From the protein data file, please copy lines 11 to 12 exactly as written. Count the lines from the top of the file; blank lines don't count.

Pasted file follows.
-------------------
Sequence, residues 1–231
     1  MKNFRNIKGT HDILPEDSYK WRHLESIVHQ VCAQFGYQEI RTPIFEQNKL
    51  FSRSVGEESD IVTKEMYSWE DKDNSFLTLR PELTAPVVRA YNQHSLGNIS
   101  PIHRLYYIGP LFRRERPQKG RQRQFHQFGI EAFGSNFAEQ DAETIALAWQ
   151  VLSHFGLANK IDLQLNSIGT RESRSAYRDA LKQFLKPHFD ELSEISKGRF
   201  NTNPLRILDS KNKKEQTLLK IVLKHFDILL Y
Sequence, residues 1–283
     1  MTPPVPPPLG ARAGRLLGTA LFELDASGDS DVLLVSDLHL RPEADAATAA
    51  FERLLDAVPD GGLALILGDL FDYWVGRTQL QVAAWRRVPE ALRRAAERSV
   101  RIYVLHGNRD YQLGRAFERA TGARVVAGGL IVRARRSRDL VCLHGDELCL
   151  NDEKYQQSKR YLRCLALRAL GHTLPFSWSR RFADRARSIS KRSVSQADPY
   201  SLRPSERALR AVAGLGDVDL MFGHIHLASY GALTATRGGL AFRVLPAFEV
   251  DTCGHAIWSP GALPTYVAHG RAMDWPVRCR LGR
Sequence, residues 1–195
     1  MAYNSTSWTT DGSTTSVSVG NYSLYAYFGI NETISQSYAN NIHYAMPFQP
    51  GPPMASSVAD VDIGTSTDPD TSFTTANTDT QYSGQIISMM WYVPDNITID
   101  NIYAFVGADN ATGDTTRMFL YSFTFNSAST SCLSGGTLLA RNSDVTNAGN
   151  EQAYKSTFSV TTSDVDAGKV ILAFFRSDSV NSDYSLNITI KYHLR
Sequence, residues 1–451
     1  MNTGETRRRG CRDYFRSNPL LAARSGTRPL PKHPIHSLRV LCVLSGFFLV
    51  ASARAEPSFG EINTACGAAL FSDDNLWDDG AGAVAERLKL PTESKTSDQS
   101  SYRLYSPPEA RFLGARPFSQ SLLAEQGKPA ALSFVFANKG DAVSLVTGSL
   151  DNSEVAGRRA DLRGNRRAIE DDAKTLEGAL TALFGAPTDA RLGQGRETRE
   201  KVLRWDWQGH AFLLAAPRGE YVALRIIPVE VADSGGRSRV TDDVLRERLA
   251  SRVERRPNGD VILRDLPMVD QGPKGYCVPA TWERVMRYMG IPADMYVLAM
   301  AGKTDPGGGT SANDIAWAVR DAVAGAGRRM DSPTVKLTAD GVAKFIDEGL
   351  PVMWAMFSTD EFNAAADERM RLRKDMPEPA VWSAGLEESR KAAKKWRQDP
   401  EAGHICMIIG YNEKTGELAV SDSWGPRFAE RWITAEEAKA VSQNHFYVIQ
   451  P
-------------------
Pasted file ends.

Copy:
   151  NDEKYQQSKR YLRCLALRAL GHTLPFSWSR RFADRARSIS KRSVSQADPY
   201  SLRPSERALR AVAGLGDVDL MFGHIHLASY GALTATRGGL AFRVLPAFEV